1922 - 2003
Born in 1922 in Narodnaya, Voronezh region. She spent her childhood and teenage years in Leningrad (now Saint Petersburg) where she attended an art school.

She finished her studies before being evacuated to Ufa during World War II. There, she lived with her mother’s cousin, famous Ufa artist Anatoly Lezhnyov who heavily influenced her formation as an artist.

Speaking about his role in her creative life, Nechaeva said, “Painting, my relationship with color, understanding its meaning, and generally my relationship with art—I owe it all to Anatoly Petrovich Lezhnyov, my uncle, a wonderful painter. During the evacuation years, a lot of famous artists, composers, singers from Moscow, Leningrad, and Kyiv lived in Ufa. Talking to them enriched my knowledge of the arts. My friendship with wonderful Bashkir artists, such as Kasim Davletkildeev who was a frequent guest at our home, Aleksandr Tyulkin, Maria Yelgashtina, was incredibly meaningful and helpful for me.”

After the war ended, Tamara Nechaeva remained in Ufa and was very active as an artist. In the 1940s, her sculpting practice was forming. She is considered a founding member of the Bashkir sculptural school together with Vera Morozova.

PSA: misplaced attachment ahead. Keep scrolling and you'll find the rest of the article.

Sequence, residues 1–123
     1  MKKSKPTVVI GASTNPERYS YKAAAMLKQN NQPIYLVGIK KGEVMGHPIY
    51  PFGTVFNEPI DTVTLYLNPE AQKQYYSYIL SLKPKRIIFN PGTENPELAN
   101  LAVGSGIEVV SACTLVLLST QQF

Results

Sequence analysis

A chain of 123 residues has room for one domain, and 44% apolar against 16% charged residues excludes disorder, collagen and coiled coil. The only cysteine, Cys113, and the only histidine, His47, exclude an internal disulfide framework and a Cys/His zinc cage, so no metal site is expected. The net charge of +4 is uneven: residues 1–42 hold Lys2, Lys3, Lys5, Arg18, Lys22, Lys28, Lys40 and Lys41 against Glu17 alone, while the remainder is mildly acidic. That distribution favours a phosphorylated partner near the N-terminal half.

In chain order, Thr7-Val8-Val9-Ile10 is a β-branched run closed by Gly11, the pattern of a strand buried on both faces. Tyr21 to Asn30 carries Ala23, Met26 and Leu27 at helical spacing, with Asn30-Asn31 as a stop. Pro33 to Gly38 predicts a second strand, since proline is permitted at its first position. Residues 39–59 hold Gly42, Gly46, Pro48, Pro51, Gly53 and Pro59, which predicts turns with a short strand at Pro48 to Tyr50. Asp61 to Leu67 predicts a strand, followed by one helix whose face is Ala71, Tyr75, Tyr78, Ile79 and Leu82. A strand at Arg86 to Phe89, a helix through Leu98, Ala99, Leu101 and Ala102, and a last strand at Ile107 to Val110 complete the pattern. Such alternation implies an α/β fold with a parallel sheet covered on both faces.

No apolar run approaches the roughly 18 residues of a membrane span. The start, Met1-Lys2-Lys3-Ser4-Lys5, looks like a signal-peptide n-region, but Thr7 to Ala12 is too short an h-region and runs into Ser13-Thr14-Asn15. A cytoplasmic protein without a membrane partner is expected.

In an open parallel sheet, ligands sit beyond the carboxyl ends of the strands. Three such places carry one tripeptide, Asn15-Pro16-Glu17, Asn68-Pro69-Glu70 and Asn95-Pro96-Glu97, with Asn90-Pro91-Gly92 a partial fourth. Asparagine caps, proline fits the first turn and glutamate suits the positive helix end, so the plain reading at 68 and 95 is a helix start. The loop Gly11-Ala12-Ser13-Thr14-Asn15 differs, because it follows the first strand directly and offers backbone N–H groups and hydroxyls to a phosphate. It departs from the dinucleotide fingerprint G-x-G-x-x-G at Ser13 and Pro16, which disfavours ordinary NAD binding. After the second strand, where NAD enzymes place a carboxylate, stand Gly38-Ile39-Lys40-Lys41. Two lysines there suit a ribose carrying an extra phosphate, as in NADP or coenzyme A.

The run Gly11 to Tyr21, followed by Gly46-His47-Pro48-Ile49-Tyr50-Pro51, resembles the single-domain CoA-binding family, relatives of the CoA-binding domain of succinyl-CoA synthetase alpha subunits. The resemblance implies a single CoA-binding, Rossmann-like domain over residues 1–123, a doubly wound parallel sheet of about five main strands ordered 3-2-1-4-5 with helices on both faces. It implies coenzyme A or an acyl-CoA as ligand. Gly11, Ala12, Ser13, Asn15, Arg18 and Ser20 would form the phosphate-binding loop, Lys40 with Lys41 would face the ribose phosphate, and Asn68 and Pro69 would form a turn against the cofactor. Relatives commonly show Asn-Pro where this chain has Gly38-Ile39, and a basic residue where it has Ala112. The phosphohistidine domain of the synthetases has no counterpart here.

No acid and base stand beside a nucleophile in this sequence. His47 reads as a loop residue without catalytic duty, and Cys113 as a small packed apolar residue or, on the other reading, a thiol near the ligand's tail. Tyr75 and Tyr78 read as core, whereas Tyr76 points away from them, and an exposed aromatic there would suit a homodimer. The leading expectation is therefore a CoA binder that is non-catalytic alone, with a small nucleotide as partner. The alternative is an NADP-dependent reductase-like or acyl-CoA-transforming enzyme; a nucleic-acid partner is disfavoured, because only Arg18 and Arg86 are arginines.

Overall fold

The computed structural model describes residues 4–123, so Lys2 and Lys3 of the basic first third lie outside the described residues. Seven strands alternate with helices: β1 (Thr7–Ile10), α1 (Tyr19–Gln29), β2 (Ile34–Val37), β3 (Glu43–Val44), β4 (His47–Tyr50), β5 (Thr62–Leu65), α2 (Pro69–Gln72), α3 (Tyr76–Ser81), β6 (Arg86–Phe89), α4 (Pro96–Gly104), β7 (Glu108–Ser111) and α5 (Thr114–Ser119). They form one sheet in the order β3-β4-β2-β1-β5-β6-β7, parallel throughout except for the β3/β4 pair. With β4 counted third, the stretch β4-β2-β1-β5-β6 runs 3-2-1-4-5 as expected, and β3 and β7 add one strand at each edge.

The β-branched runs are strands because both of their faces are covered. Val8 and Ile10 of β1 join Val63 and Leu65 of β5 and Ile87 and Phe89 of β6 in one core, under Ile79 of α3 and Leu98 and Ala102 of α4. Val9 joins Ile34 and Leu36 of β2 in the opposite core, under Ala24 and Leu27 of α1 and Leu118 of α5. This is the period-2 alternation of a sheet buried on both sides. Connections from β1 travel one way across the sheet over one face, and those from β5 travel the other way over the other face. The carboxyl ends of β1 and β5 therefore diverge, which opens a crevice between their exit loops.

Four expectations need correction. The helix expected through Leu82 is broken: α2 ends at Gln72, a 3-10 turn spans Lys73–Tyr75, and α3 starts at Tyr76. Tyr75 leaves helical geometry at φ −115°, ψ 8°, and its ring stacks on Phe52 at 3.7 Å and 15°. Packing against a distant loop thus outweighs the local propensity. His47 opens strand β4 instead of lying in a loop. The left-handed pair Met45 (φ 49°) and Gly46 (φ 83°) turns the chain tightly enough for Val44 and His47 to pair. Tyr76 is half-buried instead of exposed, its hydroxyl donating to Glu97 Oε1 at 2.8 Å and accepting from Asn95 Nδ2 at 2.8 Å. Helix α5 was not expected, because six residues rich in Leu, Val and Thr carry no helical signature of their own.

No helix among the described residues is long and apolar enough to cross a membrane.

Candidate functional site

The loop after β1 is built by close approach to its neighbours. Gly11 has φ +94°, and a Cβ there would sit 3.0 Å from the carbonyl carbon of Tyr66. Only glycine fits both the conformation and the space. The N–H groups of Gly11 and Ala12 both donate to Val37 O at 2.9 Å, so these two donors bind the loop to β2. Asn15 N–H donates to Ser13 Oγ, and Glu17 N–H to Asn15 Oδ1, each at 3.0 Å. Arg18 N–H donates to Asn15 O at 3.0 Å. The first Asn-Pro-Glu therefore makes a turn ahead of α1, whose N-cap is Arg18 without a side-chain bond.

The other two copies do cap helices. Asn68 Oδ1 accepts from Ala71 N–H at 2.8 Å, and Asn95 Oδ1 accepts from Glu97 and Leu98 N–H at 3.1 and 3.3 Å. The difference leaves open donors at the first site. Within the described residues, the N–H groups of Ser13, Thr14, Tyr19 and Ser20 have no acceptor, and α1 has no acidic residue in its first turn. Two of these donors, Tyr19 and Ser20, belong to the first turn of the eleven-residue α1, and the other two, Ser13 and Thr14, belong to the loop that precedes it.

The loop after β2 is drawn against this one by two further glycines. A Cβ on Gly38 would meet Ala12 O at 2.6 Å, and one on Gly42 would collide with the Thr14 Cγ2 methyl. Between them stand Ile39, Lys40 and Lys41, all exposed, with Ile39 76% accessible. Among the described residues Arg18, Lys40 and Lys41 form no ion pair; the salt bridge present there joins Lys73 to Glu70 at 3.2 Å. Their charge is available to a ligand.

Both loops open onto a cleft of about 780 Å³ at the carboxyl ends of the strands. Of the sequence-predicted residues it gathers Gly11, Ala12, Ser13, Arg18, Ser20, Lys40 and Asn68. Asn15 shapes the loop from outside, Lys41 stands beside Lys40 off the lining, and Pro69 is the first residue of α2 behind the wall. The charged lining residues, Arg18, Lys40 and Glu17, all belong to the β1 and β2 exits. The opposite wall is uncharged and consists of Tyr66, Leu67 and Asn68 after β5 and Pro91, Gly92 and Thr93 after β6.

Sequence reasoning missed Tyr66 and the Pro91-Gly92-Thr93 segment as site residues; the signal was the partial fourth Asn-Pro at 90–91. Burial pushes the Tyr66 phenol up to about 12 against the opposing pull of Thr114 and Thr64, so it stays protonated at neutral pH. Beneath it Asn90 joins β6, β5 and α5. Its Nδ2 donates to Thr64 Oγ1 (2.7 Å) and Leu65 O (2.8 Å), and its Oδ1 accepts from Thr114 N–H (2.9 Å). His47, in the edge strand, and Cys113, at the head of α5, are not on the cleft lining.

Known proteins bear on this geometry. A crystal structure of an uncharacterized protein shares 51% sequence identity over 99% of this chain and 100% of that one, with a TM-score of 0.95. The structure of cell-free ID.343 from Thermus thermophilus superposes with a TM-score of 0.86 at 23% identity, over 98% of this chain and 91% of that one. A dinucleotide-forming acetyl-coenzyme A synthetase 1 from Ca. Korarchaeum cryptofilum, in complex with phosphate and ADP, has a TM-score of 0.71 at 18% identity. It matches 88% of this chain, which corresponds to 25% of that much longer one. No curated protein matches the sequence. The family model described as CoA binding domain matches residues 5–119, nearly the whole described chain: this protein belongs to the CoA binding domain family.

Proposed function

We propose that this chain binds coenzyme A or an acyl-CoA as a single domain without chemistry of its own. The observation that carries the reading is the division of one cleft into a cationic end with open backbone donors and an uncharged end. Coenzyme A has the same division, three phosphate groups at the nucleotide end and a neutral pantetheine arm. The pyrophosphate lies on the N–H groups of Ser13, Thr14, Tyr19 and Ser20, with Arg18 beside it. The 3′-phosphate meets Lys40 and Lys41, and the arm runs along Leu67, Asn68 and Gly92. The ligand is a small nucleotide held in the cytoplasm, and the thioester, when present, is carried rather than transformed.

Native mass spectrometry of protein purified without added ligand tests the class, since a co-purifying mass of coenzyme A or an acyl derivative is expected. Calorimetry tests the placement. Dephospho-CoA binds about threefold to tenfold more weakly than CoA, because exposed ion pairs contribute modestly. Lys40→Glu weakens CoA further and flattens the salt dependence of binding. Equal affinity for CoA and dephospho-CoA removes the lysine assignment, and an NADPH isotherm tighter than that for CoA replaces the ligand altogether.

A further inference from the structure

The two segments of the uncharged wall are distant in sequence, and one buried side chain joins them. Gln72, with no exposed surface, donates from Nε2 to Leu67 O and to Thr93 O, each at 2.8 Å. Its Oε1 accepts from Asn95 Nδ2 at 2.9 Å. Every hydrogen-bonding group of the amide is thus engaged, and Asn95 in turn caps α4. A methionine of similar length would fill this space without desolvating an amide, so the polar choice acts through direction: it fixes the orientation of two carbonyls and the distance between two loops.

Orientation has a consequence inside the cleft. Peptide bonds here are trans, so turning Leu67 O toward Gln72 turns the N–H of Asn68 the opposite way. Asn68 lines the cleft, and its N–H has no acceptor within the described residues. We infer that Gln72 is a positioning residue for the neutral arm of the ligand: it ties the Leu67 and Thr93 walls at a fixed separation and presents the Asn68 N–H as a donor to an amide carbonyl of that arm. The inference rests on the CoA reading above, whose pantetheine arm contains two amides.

In 1943, she had her first personal exhibition in Ufa.
In the 1960s, she worked with ceramics a lot, moving to monumental forms in this medium in the 1970s. Her works became part of the interiors of the UMPO House of Culture, Iskra Cinema, Bashneft Building, Neftyanik House of Culture, and other public spaces.

Nechaeva is the author of the sculptural portrait of Bashkir national hero, rebel and poet Salawat Yulaev that can now be found in many cities and has become a classic. The very first bust was installed in Maloyaz, followed by Yulaevo, Ufa, and Paldiski in Estonia where Yulaev spent the last years of his life with his father, doing hard penal labor.

Tamara Nechaeva also created the following monuments:

monument to Ivan Yakutov (Ufa, Yakutov Park)
monument to Shagit Hudayberdin (Ufa, Printing House)
monument to Sergey Aksakov (Ufa, 85 Pushkina Street)
monument to Discoverers of the Bashkir oil (Ishimbay)
monument to Vladimir Lenin (Sterlitamak)
monument to Arslan Mubaryakov (Assy village, Beloretsk region, Bashkortostan republic)

In one of her articles, art historian Evelina Fenina noted “a journalistic quality” as one of the main characteristics of Tamara Nechaeva’s artworks. What she meant by that was Nechaeva’s desire to work with large masses of people and public spaces through art, as well as her engagement with the local national theme.

Tamara Nechaeva passed away in 2003. A civic funeral was held at the Nesterov Museum.


  1. Эвелина Фенина "Искусство тонкой лирики и поэзии"/ Бельские просторы, 12/декабрь 2004